My husband and I recently celebrated our ninth anniversary of marriage, and as he and I reflected on our courtship and especially our early married days, including starting a family together, I’ve felt such gratitude and love for him. He is the flawed hero in our love story, and I’m the stubborn, willful heroine.

I’ve been asked as an author how much of my writing is inspired by personal experience. Do I write my husband into my heroes? My first instinct is to say, “No way. My husband loves basketball, his favorite food is Mexican food, he is absolutely the most unromantic man on planet Earth (I like to joke that I write romance because my husband is so bad at being romantic, and he laughs because it’s true)–and he couldn’t care less about impressing anyone. He does not belong in the Regency.”

As I write the words now, I’m laughing, and my heart is full for the crazy man I fell in love with my senior year at college. I must’ve rejected him a dozen times at first, but he still persisted. He asked me to go rock climbing with him–a bucket list item of mine. On a total whim, I went, and it was the best decision I have ever made. That date surpassed every date I’d ever been on, and not because I turned out to be an amazing rock climber. We laughed, we talked, he accidentally tied my harness wrong and the entire thing fell off when I reached the top of the rock wall…true story. But I remember closing my apartment door after he dropped me off and sincerely thinking, if he doesn’t ask me out again, I’m going to be devastated.

Thankfully, true to his persistent nature, we’ve seen each other nearly every day since that date. And I am the luckiest girl. (He’s pretty darn lucky too, in my opinion.)
So why am I blabbering on about my husband? As authors, we write with our hearts, we write what has shaped us and taught us. Peter Wood and my husband are vastly different personalities though. Peter is proactive and hands-on, he’s outgoing and charismatic and charming. My husband has that signature doctor personality–he’s logical, inhibited, and detail-oriented. My sweet husband doesn’t use words to compliment me or show me love, while Peter could write sonnets about Amelia.

That said, while writing Peter in Lakeshire Park, I wanted a hero with a sense of humor like my husband, who can turn any argument into a comedy show. I wanted a hero who cared deeply for his family, who wasn’t afraid to love, and whose persistence despite odds stacked against him would pay off.

I wanted these things because in my mind, in my experience, a perfect hero isn’t a man who does everything ‘right’ by society’s standards. He’s flawed, he’s at times sensitive, he’s human. He isn’t going to sweep in and save my heroine, he’s going to support her and see her for who she really is and still decide she’s the one he wants beside him. He’s going to give her a choice and let her choose her own path.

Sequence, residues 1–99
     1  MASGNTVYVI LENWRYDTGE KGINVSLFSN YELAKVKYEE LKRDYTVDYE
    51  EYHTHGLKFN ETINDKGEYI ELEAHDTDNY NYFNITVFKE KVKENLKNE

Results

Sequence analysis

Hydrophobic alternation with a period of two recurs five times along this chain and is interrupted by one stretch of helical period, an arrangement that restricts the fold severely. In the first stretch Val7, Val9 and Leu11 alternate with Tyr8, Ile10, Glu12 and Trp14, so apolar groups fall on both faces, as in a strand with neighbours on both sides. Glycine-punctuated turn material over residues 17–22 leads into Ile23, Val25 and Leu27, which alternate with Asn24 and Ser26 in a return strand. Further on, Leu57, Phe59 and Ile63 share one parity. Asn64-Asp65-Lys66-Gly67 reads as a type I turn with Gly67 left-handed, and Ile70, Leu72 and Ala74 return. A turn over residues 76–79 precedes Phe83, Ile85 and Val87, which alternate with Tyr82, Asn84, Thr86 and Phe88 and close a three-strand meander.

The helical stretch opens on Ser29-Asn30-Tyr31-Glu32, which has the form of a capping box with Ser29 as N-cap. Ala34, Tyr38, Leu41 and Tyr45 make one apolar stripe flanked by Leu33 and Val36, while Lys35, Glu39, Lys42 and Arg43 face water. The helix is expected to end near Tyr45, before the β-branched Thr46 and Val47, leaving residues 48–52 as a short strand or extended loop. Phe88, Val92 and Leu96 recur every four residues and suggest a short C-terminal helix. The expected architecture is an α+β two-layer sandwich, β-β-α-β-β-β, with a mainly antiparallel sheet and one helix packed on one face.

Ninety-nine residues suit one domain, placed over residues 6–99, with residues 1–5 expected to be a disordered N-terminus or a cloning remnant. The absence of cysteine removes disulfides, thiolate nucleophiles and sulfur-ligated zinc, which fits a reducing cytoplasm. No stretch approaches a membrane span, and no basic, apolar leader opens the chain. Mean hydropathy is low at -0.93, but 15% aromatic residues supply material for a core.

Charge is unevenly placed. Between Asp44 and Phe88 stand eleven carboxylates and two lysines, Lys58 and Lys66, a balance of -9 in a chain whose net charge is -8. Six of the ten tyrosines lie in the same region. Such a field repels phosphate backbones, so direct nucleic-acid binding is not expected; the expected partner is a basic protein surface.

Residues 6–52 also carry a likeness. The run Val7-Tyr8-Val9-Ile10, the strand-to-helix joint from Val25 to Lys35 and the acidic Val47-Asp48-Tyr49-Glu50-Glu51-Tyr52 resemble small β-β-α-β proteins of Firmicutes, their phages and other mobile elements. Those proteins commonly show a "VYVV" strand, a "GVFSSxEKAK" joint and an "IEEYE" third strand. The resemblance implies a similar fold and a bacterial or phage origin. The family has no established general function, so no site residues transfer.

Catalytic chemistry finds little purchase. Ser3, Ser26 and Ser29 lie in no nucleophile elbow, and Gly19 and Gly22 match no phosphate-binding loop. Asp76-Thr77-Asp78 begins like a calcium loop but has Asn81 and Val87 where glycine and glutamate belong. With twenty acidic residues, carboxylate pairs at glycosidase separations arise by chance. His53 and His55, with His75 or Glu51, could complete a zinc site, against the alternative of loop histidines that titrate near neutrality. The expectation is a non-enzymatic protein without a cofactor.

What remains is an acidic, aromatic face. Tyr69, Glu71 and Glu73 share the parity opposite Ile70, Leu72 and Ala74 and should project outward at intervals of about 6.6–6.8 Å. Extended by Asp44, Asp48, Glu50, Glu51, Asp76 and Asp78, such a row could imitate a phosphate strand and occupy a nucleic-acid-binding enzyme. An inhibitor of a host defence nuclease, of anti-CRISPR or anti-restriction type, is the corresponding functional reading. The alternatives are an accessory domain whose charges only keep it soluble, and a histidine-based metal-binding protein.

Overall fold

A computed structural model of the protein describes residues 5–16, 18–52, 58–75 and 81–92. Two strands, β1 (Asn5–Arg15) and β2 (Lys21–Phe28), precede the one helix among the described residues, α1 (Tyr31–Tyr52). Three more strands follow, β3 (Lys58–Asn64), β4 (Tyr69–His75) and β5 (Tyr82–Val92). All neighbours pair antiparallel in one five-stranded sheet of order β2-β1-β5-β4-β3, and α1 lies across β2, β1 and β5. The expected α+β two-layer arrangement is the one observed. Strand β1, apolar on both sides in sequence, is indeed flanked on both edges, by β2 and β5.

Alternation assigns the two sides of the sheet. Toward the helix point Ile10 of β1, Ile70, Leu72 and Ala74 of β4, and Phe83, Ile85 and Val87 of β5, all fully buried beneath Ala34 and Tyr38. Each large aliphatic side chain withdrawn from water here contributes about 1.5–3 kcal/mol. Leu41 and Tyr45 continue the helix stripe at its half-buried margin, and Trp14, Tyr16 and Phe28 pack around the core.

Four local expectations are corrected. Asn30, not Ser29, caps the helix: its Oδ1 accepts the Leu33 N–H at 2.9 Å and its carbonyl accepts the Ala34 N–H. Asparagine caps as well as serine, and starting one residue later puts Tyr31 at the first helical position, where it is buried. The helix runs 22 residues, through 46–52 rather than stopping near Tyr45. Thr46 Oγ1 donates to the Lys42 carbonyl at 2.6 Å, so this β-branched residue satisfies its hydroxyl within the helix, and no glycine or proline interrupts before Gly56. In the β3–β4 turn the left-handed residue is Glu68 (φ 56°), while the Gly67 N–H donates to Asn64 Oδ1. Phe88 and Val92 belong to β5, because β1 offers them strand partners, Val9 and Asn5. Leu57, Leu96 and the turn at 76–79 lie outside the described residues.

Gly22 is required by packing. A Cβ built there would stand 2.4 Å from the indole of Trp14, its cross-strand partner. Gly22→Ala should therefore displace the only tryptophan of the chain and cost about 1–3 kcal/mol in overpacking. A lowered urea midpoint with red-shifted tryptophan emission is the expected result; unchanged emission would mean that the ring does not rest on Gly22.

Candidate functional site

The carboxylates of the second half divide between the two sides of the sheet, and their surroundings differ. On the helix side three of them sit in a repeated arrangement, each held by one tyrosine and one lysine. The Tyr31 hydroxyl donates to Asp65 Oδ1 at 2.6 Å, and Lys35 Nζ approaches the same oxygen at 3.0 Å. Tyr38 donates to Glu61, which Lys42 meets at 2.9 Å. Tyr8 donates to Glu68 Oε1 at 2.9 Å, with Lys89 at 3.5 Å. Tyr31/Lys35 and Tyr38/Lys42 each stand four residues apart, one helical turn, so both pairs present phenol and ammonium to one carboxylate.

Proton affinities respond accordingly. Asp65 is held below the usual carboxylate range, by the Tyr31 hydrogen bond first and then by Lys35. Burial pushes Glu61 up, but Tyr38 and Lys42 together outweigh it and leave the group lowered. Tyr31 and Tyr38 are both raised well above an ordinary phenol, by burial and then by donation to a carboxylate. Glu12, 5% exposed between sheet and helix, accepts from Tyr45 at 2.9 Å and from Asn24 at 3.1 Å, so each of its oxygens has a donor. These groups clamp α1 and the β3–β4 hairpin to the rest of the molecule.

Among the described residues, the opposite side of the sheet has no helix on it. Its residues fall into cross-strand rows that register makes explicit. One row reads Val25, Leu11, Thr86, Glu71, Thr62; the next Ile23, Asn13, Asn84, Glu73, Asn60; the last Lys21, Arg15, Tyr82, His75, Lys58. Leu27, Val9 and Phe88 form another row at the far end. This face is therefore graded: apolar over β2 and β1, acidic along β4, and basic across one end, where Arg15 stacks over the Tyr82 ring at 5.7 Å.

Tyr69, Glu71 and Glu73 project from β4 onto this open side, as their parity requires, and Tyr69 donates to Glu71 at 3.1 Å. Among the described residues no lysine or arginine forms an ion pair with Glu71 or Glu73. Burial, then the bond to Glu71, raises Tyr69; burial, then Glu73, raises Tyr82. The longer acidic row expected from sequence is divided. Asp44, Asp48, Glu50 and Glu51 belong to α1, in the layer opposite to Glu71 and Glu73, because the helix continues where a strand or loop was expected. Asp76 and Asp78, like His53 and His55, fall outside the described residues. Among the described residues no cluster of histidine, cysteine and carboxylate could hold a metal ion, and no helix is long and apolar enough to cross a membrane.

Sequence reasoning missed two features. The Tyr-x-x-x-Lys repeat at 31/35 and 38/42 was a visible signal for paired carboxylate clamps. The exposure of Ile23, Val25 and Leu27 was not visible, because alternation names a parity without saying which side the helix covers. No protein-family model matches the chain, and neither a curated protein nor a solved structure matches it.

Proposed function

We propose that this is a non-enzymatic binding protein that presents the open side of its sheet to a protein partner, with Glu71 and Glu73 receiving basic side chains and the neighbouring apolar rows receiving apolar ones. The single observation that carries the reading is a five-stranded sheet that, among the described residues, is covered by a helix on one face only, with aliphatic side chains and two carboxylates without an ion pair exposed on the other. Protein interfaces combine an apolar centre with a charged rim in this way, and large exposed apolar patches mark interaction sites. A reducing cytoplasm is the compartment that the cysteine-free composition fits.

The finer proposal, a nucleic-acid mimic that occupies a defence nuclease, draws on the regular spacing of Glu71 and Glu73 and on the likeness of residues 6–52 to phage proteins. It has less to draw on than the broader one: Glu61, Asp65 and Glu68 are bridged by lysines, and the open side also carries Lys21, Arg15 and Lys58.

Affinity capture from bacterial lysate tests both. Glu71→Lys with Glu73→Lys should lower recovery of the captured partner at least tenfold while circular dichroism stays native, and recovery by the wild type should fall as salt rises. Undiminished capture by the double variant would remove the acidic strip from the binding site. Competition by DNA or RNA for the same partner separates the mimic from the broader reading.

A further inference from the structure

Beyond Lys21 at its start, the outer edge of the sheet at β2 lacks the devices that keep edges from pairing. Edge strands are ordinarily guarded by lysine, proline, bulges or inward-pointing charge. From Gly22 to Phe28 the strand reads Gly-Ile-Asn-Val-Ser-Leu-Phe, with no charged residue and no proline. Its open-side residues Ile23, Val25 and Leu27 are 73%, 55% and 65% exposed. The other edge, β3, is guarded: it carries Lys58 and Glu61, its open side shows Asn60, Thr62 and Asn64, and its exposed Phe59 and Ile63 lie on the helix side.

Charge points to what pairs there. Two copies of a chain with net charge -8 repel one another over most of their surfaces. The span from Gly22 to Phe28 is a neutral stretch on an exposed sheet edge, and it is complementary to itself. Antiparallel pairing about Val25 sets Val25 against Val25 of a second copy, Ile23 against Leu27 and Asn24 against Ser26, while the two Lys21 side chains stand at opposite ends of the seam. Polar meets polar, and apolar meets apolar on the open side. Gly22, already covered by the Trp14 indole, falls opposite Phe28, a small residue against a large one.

I think that’s why a good love story is so relatable. The heroes are flawed, but they hold morals and characteristics that are attainable.

My own love story is nothing exceptionally noteworthy to an outsider. We went rock climbing, we fell in love, he took weeks and weeks to kiss me, and we’ve stayed up way too late on way too many occasions binge watching our favorite shows.

You’re not going to see my husband leaving love notes on my pillow. (Though that would totally be something Peter would do for Amelia.) That cute dinner we shared on our front lawn for our anniversary? My idea, thanks to COVID19. But guess what? He knew my favorite dinner. He surprised me with roses. And he asked me about my current work in progress and actually cared about a few historical details I’ve been researching.

We talked about our parenting, where we could improve, and our future and how we see things a little differently sometimes. But most importantly, we reflected on nine years of loving each other despite overwhelming workloads, little humans wearing us thin, devastating tragedy and loss, and unfulfilled expectations. Our happiest times are still those ugly family vacations where everyone’s crying and exhausted except for a few beautiful moments when the stars aligned.

He drives me crazy sometimes, and vice versa. But we choose each other every day.

This, to me, is a true love story. It’s the one I want for my characters, and I hope you, dear readers, have or find such a love for yourselves.

Either way, join me at Lakeshire Park and dream a little with Amelia as she learns what love is all about, and Peter, as he tries desperately to win her heart.

Best, wishes, Megan Walker


Megan Walker was raised on a berry farm in Poplar Bluff, Missouri, where her imagination took her to times past and worlds away. While earning her degree in Early Childhood Education, she married her one true love and started a family. But her imaginings of Regency England wouldn’t leave her alone, so she picked up a pen and wrote her first novella, A Beautiful Love: A Regency Fairy Tale Retelling which was published in 2019. She lives in St. Louis, Missouri, with her husband and three children. Lakeshire Park is her debut novel.


Brighton, England 1820

Amelia Moore wants only one thing–to secure the future happiness of her younger sister, Clara. With their stepfather’s looming death, the two sisters will soon be on their own–without family, a home, or a penny to their names. When an invitation arrives to join a house party at Lakeshire Park, Amelia grasps at the chance. If she can encourage a match between Clara and their host, Sir Ronald, then at least her sister will be taken care of.

Little does she know that another guest, the arrogant and overconfident Mr. Peter Wood, is after the same goal for his own sister. Amelia and Peter begin a rivalry that Amelia has no choice but to win. But competing against Peter–and eventually playing by his rules–makes Amelia vulnerable to losing the only thing she has left to claim: her heart.